A short post today. There's an interesting article in the Toronto Star about the inability of newly graduated medical specialists to find work in Canada and at noon the paper hosted an online live-chat about the issue. The Royal College of Physicians and Surgeons of Canada ("the RCPSC") has been studying the issue for the past two years and is set to release a report on the matter in the next month or so. This isn't an issue that has gotten much attention, but I suspect it will going forward given that doctors are a key profession in Canadian society.
The problems behind un(der)employment for physicians is complex and it has been suggested that the problem lies with poor (perhaps non-existent) workforce planning, the fact that doctors aren't employee rather independent contractors, the end of mandatory retirement, a systemic conflict of interest where senior doctors control hiring, the imposition of neoliberal austerity budgets, and the lack of appropriate government regulation in the medical sector. The issue was recently addressed in a comprehensive op-ed piece appearing on healthydebate.ca and it provides a good primer on the issue for the uninitiated.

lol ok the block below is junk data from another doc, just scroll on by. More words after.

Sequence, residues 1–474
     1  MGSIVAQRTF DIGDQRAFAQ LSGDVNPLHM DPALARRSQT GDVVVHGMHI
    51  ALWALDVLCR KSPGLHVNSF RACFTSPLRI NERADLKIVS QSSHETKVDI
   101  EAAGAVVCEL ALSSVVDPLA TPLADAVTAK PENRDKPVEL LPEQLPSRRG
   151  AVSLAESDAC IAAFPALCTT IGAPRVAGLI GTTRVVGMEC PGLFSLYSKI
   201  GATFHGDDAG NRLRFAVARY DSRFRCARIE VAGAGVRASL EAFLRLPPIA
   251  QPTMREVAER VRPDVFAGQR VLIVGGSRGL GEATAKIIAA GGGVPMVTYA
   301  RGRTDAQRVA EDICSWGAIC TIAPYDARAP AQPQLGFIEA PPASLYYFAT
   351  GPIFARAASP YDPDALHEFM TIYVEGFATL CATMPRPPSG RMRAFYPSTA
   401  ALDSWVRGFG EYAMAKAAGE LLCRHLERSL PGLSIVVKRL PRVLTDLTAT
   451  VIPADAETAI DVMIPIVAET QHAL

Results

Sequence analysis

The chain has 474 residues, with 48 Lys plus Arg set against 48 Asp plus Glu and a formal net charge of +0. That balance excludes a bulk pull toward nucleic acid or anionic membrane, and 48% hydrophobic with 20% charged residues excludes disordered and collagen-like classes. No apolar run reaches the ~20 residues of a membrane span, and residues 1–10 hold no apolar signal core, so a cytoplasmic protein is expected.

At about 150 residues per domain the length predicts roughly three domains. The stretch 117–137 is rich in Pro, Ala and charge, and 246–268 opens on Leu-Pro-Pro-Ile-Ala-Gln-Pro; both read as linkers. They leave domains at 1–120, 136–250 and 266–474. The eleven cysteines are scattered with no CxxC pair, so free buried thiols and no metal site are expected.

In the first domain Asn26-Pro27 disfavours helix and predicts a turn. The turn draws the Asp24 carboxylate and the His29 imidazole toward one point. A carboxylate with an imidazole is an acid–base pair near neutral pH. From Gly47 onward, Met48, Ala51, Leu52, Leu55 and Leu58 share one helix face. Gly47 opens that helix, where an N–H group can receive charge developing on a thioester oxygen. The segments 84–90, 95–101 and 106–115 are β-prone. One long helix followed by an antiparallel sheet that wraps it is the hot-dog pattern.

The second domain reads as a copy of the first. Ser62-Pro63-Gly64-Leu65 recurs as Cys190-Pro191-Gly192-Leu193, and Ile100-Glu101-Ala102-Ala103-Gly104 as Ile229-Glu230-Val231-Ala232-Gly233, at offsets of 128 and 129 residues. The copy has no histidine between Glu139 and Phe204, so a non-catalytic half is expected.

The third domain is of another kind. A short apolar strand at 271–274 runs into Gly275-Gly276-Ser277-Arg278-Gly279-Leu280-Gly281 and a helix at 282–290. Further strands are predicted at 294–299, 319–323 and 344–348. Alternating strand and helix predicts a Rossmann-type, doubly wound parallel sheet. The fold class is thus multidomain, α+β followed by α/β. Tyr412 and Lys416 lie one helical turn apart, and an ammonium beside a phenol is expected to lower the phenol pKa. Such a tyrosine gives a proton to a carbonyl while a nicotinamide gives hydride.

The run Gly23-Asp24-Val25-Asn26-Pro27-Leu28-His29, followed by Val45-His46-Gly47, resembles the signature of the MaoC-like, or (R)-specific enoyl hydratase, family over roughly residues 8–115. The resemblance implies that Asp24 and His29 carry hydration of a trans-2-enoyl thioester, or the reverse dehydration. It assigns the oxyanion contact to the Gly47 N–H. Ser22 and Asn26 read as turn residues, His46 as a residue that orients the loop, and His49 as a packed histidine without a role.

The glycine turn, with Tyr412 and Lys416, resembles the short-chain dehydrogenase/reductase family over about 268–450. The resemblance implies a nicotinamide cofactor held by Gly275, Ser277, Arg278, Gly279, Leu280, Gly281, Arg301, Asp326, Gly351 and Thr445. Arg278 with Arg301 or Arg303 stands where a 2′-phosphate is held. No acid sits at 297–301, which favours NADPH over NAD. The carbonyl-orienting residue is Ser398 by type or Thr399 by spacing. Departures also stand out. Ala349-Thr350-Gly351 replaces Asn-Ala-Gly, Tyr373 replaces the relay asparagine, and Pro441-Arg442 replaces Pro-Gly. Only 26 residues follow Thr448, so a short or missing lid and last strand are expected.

If you want to learn more the RCPSC has a brief note posted on their website addressing the issues; furthermore, take a look at these articles, see: here, here, and here. Next month once the RCPSC report is release I'll post a follow-up to this piece and delve into the issue a bit deeper. Finally, just because I like taking swipes at the systemic racism present in Canada's labour market, here's a short poignant clip, see: